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How to Use Coffee Grounds as Fertilizer



Healthy plants need food just like we do.  There is a free fertilizer out there for your garden that you may just be throwing away without realizing it.  

After brewing a pot of coffee, you can add the used grounds to your garden rather than discarding them in the trash.  It's a great example of some useful recycling and repurposing!

Acid loving plants like azaleas, rhododendrons, roses, and blueberry and tomato plants love the additional nitrogen and other trace elements that the coffee grounds contribute.  I don't always remember to do it like I should, but I've been trying to remember to add the grounds to the soil around my azaleas for quite a few years.  


I've also read that the coffee grounds can deter slugs and ants in the garden, but I haven't done any experimenting with this to know whether it is true or not. 

To try this in your own garden, mix a little of the used coffee grounds into the soil around your acid loving plants.  Some plants respond differently to different amounts, so start small until you see how the plant is going to react.  If you are nervous about how the coffee grounds may affect your plants, you can always add the grounds to a compost pile of other garden and kitchen waste to neutralize it's effect.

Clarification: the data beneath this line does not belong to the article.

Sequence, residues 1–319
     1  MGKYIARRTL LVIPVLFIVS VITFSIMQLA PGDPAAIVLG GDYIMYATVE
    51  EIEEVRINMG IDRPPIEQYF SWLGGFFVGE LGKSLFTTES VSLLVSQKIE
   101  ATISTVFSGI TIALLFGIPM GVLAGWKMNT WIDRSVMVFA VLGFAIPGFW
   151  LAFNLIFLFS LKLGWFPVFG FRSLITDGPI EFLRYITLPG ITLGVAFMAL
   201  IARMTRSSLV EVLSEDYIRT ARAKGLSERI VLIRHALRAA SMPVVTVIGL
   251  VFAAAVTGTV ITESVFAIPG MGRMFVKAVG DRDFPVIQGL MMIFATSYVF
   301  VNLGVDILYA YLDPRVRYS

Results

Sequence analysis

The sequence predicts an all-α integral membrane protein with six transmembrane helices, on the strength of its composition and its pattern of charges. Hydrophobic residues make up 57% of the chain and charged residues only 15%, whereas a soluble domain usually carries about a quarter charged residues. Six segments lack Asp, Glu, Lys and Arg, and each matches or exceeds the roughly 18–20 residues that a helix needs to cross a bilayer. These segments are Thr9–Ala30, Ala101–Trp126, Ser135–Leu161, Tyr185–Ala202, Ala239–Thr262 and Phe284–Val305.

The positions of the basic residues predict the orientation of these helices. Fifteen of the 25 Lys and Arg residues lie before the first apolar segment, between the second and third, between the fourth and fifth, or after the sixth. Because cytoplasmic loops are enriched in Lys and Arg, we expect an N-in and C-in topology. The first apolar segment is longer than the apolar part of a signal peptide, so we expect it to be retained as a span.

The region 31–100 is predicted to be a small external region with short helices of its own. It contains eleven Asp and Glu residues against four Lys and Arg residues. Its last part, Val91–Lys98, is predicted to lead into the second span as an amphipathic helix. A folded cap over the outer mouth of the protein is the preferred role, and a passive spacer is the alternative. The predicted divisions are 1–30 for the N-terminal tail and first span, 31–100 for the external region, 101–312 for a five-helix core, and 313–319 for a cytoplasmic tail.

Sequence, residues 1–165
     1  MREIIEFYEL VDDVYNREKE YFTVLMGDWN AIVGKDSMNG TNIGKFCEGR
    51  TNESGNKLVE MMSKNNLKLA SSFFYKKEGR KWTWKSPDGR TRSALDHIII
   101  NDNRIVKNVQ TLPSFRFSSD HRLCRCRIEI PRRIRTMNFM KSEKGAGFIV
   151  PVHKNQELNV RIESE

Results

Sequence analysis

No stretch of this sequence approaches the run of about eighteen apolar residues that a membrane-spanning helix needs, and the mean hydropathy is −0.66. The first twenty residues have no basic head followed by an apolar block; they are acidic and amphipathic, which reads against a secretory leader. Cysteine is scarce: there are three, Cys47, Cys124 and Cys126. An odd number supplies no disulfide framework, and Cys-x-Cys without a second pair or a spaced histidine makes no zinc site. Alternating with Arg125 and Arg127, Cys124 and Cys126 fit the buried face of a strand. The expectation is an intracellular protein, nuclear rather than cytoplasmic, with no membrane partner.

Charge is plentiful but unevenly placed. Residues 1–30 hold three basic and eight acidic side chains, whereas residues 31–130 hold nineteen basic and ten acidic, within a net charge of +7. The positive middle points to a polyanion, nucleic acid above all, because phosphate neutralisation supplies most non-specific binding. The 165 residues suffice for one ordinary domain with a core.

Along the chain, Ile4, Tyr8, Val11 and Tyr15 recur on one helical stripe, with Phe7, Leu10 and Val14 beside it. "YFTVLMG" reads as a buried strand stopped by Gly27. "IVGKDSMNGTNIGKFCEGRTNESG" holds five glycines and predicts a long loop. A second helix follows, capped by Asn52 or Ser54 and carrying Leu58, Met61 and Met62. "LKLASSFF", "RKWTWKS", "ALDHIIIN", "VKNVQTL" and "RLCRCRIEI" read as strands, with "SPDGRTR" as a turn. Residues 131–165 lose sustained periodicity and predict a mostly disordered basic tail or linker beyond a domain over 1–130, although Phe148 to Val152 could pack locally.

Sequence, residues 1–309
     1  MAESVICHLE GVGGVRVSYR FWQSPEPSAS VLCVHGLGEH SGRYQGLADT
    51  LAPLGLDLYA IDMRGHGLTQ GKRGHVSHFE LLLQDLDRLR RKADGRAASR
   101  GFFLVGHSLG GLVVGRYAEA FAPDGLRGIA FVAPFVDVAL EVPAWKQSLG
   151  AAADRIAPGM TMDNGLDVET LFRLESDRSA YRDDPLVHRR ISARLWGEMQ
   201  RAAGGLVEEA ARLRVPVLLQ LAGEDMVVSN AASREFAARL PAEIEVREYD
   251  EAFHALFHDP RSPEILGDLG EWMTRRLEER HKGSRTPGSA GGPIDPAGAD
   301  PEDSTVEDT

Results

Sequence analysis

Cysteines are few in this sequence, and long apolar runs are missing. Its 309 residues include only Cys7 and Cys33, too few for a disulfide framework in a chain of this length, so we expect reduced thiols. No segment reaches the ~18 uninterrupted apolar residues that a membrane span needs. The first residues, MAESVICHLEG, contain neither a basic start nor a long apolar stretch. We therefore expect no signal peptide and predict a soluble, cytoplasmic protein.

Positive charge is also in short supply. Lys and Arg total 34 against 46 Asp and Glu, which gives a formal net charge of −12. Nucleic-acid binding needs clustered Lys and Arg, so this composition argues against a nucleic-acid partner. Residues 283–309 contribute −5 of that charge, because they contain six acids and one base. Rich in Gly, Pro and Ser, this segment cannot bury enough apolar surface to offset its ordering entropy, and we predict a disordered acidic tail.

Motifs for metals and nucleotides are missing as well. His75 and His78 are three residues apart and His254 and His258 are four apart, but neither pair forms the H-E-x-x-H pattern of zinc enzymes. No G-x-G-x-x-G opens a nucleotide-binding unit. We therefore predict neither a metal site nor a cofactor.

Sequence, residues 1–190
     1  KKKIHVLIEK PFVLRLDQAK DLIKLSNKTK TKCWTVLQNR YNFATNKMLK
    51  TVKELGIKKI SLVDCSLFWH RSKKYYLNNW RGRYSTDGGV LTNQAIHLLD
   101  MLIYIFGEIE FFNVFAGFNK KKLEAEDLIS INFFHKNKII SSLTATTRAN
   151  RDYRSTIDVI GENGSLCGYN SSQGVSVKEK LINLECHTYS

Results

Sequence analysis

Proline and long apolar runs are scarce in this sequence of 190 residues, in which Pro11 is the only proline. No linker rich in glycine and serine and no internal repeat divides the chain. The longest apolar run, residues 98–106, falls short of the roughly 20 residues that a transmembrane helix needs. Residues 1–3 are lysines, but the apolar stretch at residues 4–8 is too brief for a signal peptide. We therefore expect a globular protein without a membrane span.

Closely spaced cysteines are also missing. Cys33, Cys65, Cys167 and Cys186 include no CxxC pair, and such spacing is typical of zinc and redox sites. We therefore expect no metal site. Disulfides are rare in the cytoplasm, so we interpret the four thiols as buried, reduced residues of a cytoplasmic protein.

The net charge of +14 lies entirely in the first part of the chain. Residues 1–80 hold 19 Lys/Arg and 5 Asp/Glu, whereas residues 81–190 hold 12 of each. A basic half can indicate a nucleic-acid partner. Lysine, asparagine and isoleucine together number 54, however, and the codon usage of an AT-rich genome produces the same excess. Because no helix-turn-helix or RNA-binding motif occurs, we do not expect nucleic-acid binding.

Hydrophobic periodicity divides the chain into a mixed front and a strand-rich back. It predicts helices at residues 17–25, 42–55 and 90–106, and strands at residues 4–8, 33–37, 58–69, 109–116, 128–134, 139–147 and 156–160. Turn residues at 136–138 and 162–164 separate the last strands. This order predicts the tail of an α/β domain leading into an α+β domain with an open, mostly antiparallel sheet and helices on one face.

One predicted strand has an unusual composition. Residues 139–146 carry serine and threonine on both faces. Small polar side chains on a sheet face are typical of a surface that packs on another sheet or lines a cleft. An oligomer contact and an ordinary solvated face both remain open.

And as a little side note that I just found out, Starbucks actually packages their used coffee grounds and gives them away for this purpose.  I don't have a Starbucks close to me, so I'm not sure how this works or if every store does it, but it is something worth investigating if you don't drink coffee yourself!

So what do you think?  Is this a new idea for you or have you already been amending your soil with coffee grounds?  
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